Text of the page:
Skaykay: A Native Bird on Campus
by Marcia Wilson
A beautiful blue bird is about to come into its own name in 2024. A familiar sight in for the state, its indigo feathers flash in the trees behind the LRC, or the water garden in front of 19. In the Outdoor Lab it thrives, scolding the students and volunteers with a brash SKAYY KAYY scream. Not surprisingly, in the local Lushootseed language the little explorer’s name is skaykay. Meet the Cyanocitta stelleri, Steller’s Jay. As the year of 2023 draws to a close, so does the use of this name.
To what, is unknown, but there will be no more of Steller in it.
Why Steller’s Jay?
The little jay already had a name, the Kakay, by the native Intelmen-language speakers of the Kamchatka Peninsula. Like the Lushootseed name, it was a descriptive. Then, in 1788, a German naturalist working for the Russian Expansion “discovered” it and after his death the bird and about 11 other things were named in his honor. This was not unusual. Quoting BIRD NAMES FOR BIRDS, this created “verbal statues,” and it was problematic to say the least:
Eponyms (a person after whom a discovery, invention, place, etc., is named or thought to be named) and honorific common bird names (a name given to something in honor of a person) are problematic because they perpetuate colonialism and the racism associated with it. The names that these birds currently have… represent and remember people (mainly white men) who often have objectively horrible pasts and do not uphold the morals and standards the bird community should memorialize.
Who Was Georg Steller?
Georg was, to put it politely, a self-promoting go-getter for scientific achievement. Natural science was going through a lot of change in the 18th century and it was all to support expansion Naming species was part of the game.
- Steller’s eider
- Steller’s jay
- Steller’s sea eagle
- Steller’s sea lion
- The Sea Otter
- The mineral Stellerite
- Gumboot chiton
- The flowering plant genus, Stellera
- Hoary mugwort
- Steller’s sea cow
- Steller’s sculpin
- Short-tailed albatross
“Names have power and power can be for the good or it can be for the bad. We want these names to be powerful in a really good way.”— Colleen Handel, the American Ornithological Society president and a research wildlife biologist, U.S. Geological Survey in Alaska.
Steller was in many ways… stellar. He ruffled the feathers of pompous scientists because he pared his travel expenses down to the bone. It was considered proper for his peers to insist on extravagant comforts, such as rich food, wine, waitstaff, and even furniture! Extravagance was a large reason for the high price in scientific expeditions, and this influenced sponsors on their decision to support these trips. Steller didn’t want an inflated standard of living to get in the way of a budget approval. He literally changed the game when he drank beer and water with the same cup.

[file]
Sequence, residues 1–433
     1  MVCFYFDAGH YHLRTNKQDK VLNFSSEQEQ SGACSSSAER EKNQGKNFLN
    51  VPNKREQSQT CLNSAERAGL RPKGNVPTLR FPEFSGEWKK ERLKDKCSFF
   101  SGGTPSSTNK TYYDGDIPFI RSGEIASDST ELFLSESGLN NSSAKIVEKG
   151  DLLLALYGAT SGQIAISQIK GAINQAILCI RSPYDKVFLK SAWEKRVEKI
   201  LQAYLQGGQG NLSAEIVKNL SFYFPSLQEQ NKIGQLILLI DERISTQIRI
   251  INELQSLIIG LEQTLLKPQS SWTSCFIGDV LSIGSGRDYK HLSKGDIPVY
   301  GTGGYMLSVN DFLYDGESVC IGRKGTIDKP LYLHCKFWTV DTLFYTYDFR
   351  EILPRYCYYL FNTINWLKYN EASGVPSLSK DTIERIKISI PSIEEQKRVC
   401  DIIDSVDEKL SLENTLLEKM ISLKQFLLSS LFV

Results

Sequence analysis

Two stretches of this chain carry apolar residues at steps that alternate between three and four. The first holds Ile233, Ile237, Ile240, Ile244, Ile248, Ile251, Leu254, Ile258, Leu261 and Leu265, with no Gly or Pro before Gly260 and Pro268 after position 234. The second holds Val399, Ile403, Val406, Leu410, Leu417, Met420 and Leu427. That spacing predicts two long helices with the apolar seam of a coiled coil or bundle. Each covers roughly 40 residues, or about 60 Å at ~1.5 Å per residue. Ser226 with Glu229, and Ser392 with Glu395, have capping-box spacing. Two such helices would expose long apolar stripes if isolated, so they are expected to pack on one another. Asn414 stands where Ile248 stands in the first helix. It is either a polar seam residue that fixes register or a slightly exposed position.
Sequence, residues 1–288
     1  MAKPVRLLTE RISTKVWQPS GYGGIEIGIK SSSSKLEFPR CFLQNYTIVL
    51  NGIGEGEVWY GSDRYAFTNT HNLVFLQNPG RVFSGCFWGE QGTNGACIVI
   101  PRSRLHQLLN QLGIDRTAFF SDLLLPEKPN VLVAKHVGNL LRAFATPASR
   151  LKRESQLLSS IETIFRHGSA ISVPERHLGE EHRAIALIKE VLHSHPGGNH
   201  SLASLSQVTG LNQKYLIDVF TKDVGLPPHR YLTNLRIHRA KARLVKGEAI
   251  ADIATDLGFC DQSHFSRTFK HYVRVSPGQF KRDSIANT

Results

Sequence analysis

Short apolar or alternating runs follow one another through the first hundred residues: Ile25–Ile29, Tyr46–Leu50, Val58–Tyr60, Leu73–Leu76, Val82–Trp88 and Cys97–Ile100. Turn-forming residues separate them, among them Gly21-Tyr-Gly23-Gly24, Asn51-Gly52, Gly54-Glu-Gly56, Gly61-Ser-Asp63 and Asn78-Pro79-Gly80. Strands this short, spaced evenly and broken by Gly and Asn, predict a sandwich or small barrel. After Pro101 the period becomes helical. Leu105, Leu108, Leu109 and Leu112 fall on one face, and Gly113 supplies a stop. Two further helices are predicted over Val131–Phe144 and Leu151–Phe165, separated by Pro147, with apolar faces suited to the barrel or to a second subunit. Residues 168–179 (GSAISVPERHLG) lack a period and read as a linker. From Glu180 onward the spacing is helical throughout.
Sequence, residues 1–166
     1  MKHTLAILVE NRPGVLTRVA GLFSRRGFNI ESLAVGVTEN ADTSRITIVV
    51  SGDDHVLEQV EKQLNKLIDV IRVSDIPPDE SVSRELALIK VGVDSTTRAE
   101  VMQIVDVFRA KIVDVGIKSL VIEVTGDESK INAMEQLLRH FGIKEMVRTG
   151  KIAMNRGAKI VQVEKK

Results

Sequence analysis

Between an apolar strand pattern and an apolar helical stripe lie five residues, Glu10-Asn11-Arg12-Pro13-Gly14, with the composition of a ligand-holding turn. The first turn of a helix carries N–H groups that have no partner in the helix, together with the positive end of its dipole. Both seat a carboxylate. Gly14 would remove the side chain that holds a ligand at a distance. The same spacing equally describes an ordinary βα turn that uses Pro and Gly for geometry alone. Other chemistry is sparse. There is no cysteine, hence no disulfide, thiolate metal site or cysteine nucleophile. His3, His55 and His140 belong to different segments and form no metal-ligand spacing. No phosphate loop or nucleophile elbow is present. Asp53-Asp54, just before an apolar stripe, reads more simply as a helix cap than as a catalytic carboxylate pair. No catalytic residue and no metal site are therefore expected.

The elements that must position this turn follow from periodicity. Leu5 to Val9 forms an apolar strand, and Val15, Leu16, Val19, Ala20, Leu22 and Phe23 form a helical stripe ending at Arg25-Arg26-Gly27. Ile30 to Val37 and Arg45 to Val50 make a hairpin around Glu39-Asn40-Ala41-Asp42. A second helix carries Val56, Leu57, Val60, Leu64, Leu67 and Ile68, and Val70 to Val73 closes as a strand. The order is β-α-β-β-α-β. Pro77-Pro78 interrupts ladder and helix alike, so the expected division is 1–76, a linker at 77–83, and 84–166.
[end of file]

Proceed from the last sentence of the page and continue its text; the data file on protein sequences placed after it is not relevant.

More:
In an era where expansionism was considered right and just, he was branded a troublemaker for living among and with the Native peoples. He hunted, fished, learned their language and started up a school. Because he paid attention and listened to them, he became the first ship’s doctor to correctly treat scurvy. His anger at their mistreatment by the settlers led to accusations of ‘fostering rebellion’ and he died well before his 38th birthday in 1746, worn out by frequent trips to court to fight these charges. He left behind a staggering amount of research, a higher standard of scientific pursuit, and many admirers; which is why so many things are named after him. The Steller’s Jay was officially dubbed in 1788.
Less than Stellar
Good intentions or no, Steller’s solution to the mistreatment of Kamchatka’s Indigenous peoples was to bring in missionaries, and the school was central to the invaders’ cultural mores that still enforced colonialism and its resultant damage. Today, fewer than 100 living Indigenous people still speak the Intelmen language. Steller’s bias when he writes of Alaskan animals is cringeworthy: he describes sea cows as “greedy” and implied it was their own fault they were so easily killed by hunters.
Steller’s work encouraged and then hastened the nearly-fatal exploitation of the fur-bearing sea otter , plus the extinctions of a cormorant and the already-rare Steller’s sea cow, a cold-water dugong. Its loss meant a lessened biodiversity in the kelp forests and damage to the ecosystems.
“Steller may have been their discoverer, but he was also the harbinger of their end.”—Alex Holt
For the Love of the Bird
Most of the creatures on Steller’s name-list are extinct or struggling. Happily, the little jay is one of the few Steller-attached species still alive and thriving.
While the new names have yet to be determined, what is known is this: names will be not based on a person, living, dead, or imaginary. The name will show what the bird is. In the Steller’s Jay’s case, perhaps its new moniker will honor its unique crest, colors, or a key behavior. There is much that makes them distinctive: they are adaptable and sociable; they travel in groups called a band, a scold, or a party. They thrive from Alaska to Nicaragua; they build mud nests and form long-lasting pair bonds. Their calls imitate other birds, animals, and even machi
nes. This skill may be why our word cajole comes from an old French word for “chatter like a jay”.
The “jay” is likely to stay in the name. The noun dates back to the 3-6th centuries CE and is supposed to evoke the harsh call of the bird. Remarkably, despite its discordant voice, it is classified as a songbird.
So what’s in a name? That which we call a jay, by any other name will sound just as sweet.